Sexual Bother in Men with Advanced Prostate Cancer Undergoing Androgen Deprivation Therapy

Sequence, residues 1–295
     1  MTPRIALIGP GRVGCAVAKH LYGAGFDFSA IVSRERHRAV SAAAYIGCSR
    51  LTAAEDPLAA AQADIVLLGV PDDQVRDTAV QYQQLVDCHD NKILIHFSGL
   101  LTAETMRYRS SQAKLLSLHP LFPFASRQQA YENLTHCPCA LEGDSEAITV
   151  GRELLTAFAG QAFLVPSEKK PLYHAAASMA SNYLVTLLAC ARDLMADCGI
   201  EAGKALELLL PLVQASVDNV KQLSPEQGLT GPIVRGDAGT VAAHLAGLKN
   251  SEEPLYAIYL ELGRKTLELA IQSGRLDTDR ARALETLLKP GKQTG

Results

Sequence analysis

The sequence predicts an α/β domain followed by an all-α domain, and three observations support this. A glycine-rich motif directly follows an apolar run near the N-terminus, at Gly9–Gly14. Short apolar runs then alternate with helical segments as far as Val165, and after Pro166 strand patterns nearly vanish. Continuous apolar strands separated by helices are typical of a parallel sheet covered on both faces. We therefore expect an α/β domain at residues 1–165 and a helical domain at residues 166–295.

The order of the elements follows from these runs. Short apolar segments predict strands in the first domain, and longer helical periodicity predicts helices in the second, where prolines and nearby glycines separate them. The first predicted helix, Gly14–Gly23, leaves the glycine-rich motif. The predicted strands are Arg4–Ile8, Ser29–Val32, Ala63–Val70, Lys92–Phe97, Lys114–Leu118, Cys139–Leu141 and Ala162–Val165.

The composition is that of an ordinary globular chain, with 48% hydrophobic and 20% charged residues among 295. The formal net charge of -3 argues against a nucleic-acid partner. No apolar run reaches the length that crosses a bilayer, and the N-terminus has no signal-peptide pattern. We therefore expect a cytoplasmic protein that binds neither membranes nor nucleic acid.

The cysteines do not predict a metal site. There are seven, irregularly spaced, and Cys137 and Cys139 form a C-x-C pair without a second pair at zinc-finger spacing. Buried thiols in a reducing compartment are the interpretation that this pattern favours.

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IntroductionMen with advanced prostate cancer (APC) undergoing androgen deprivation therapy (ADT) often experience distressing sexual side effects. Sexual bother is an important component of adjustment. Factors associated with increased bother are not well understood.AimsThis study sought to describe sexual dysfunction and bother in APC patients undergoing ADT, identify socio-demographic and health/disease-related characteristics related to sexual bother, and evaluate associations between sexual bother and psychosocial well-being and quality of life (QOL).MethodsBaseline data of a larger psychosocial intervention study was used. Pearson's correlation and independent samples t-test tested bivariate relations. Multivariate regression analysis evaluated relations between sexual bother and psychosocial and QOL outcomes.Main Outcome MeasuresThe Expanded Prostate Cancer Index Composite sexual function and bother subscales, Center for Epidemiologic Studies Depression Scale, Functional Assessment of Cancer Therapy—General, and Dyadic Adjustment Scale were the main outcome measures.ResultsParticipants (N = 80) were 70 years old (standard deviation [SD] = 9.6) and reported 18.7 months (SD = 17.3) of ADT. Sexual dysfunction (mean = 10.1; SD = 18.0) was highly prevalent. Greater sexual bother (lower scores) was related to younger age (β = 0.25, P = 0.03) and fewer months of ADT (β = 0.22, P = 0.05). Controlling for age, months of ADT, current and precancer sexual function, sexual bother correlated with more depressive symptoms (β = −0.24, P = 0.06) and lower QOL (β = 0.25, P = 0.05). Contrary to hypotheses, greater sexual bother was related to greater dyadic satisfaction (β = −0.35, P = 0.03) and cohesion (β = −0.42, P = 0.01).ConclusionsThe majority of APC patients undergoing ADT will experience sexual dysfunction, but there is variability in their degree of sexual bother. Psychosocial aspects of sexual functioning should be considered when evaluating men's adjustment to ADT effects. Assessment of sexual bother may help identify men at risk for more general distress and lowered QOL. Psychosocial interventions targeting sexual bother may complement medical treatments for sexual dysfunction and be clinically relevant, particularly for younger men and those first starting ADT. Benedict C, Traeger L, Dahn JR, Antoni M, Zhou ES, Bustillo N, and Penedo FJ. Sexual bother in men with advanced prostate cancer undergoing androgen deprivation therapy. J Sex Med 2014;11:2571–2580.

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